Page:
What is the best way to stop condensation from my breath. Here is the scenerio Sleeping in the back of my truck with a fiberglass cover. I had the windows cracked on the side one half inch for cross ventelation and the front towards the front of the truck about the same. It was cold down in the teens and our breathing condensated the inside. When it warms up it drips and gets everything wet. I opened it up wider about four inches and it helped. I wanted to stay warm but had to give in on opening it up wider this cooled it down. Any thoughts about this? Thanks.
18 replies [Last post]
Sun, 2006-01-15 17:58
Tue, 2006-01-17 11:12#1
I couldn't help but smile when I first read this. It reminded me of being in a pup tent as a kid and pressing your finger against the canvas to see if it was true that the rain will start to drip in afterward.
Well, I can only think of two answers to your dilema since I haven't had that problem.
a) Get a better sleeping bag and open everything up.
b) People often leave a light on in their boats while moored to keep condensation from building up inside. You could try that?
I can tell you once I woke up freezing in the back of a Chevy Blazer with the tail gait down to find the bottom foot and and a half of my sleeping bag covered in frost and ice. Learned a lesson there and bought a tent.
Wed, 2006-01-18 04:20#2
If you insist on sleeping in the back of the truck, there's not much you can do. The moisture from your breath increases the humidity inside. When things cool off during the night the dew point drops and all that moisture condenses on surfaces that are below the dew point.
Most tents nowadays are built with a permeable top to allow water vapor to escape, where it works its way out from under the rain fly. Trucks don't breathe, so the only way you can get moisture out is to open up the windows to let the air exchange. However, when you do that you let in cold air, which lowers the dew point and works against what you're trying to acccomplish. You could wind up colder and still wet. Even if you opened up windows all the way, if it's wet enough to create dew outside, it'll create dew inside.
Best solution would be a combination of ventilation to keep moisture under control and heat to keep the temp above dew point. But of course, there's fire and carbon monoxide safety hazards associated with running a heat source while you sleep.
Temperature and humidity are solidly linked. The more humidity you have in the air, the warmer it has to be to prevent condensation. The trick is to juggle the two. One thing that might help would be to vent at the highest point possible (roof would be best) -- the warmest air (which will hold the most moisture), is going to rise and carry the moisture with it. Think about it -- in old style tents most condensation occurred on the roof, not the sides. In new tents it's the roof that's permeable, too. I don't know how much it'd help in something as non-permeable as a truck, but it might make things a little better.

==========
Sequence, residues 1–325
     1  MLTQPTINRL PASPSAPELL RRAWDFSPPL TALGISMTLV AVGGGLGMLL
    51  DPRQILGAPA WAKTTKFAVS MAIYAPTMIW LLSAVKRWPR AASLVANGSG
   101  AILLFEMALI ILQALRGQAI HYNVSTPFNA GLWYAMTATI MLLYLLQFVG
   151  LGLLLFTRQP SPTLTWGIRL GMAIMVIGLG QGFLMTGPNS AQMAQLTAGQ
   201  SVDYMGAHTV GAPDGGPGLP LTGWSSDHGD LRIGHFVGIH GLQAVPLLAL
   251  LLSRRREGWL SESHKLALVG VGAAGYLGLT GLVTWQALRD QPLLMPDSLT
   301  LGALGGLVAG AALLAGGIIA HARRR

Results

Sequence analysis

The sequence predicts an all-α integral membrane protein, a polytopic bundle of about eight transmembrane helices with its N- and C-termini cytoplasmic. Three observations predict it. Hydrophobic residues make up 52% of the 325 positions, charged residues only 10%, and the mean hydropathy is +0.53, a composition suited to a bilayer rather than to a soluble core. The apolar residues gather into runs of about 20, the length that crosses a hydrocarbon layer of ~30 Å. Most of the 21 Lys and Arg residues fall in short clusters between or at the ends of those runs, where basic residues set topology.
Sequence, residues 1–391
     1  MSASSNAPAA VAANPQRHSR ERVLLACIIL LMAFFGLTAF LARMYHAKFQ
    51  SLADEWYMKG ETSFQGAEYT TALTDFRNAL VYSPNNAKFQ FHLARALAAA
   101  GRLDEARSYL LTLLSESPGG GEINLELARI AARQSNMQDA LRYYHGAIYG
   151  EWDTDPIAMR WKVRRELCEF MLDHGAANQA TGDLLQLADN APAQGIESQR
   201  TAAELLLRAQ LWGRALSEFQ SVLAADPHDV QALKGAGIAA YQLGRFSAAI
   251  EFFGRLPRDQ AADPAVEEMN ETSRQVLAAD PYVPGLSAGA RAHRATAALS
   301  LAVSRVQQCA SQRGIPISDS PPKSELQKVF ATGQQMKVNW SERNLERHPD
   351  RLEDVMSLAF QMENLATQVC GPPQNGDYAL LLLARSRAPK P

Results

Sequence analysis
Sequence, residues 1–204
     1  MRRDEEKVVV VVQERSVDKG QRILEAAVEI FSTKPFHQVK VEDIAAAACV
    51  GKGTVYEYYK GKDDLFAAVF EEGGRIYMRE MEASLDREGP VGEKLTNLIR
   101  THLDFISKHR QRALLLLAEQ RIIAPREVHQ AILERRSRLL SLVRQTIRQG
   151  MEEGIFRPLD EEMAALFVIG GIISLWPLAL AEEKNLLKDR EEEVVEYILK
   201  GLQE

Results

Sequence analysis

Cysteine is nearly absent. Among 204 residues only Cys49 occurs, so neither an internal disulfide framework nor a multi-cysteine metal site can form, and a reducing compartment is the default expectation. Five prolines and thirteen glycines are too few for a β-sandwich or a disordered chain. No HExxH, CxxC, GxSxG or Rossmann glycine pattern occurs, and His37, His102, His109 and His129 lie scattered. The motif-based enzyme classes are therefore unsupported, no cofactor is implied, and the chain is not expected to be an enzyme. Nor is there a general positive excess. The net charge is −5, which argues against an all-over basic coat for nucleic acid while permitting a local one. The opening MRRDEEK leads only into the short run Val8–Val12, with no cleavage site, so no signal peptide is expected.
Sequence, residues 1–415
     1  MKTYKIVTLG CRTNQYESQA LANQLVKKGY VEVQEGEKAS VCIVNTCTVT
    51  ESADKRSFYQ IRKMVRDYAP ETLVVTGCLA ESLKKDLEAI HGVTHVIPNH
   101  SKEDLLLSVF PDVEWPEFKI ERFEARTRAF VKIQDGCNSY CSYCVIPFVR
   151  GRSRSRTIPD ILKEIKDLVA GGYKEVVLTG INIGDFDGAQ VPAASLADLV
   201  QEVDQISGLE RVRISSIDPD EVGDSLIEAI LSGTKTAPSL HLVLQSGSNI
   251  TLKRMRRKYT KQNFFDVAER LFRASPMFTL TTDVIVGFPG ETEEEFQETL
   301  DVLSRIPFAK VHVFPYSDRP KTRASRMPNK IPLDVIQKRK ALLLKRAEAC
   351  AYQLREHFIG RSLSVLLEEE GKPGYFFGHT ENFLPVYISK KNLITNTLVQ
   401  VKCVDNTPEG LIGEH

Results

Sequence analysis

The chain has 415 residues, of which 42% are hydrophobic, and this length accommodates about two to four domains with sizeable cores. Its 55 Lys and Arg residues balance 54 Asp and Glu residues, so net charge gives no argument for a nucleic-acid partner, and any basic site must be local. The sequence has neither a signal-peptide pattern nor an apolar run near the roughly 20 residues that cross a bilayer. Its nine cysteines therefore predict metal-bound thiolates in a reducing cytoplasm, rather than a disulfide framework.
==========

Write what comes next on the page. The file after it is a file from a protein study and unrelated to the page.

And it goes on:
Wed, 2006-01-18 09:31#3
There are only two alternatives: 1) provide enough ventilation to prevent condensation, or 2) run some sort of heater and keep the inside warm enough to prevent condensation. If you run a heater, though, you need to be aware of carbon monoxide buildup and provide enough ventilation so that you don't asphyxiate yourself.
The bottom line is that it's pretty hard to prevent condensation inside of a pickup shell.
Sat, 2006-01-21 15:09#4
Thanks for the replies i'm going to mull this one over. This hunting season i'll get back and tell you how I went about this in a different way. ,)
Fri, 2006-01-27 23:31#5
Tape sections of cheese cloth at the upper corners of the topper, but don't try to make it tight against the roof. When you wake up take it down and haing it up outside to dry. This will not remove all the moisture, but it will help considerably.
From northern Minne(no)snowta,
Sat, 2006-01-28 18:07#6
Thanks again keep it coming.
Mon, 2006-02-06 19:00#7
I wouldn't sleep with a heater in the truck...unless you want to end up on the local news.
I don't know how cold it gets where you camp, but ventilation is definitely the key here. Even a small vent near the top of the shell will help.
If a small pop-up trailer is out of your budget, a good 4 season pup tent and a mummy bag might be the best way to go. A blow-up mattress to get you up off the ground is key to staying warm.
Sat, 2006-09-23 20:43#8
I'm getting ready to give the advice a try next month hopfully I want to do more camping this year and prove it out.
Tue, 2006-09-26 11:20#9
Ahw com'on you don't need to breath, do ya?
No seriously, as long as you breath, there is going to be condesation in confined spaces. Just sleep in a tent or camper.
Tue, 2006-09-26 12:12#10
Then why are some of the cars at the Drive-In all steamed up while others are not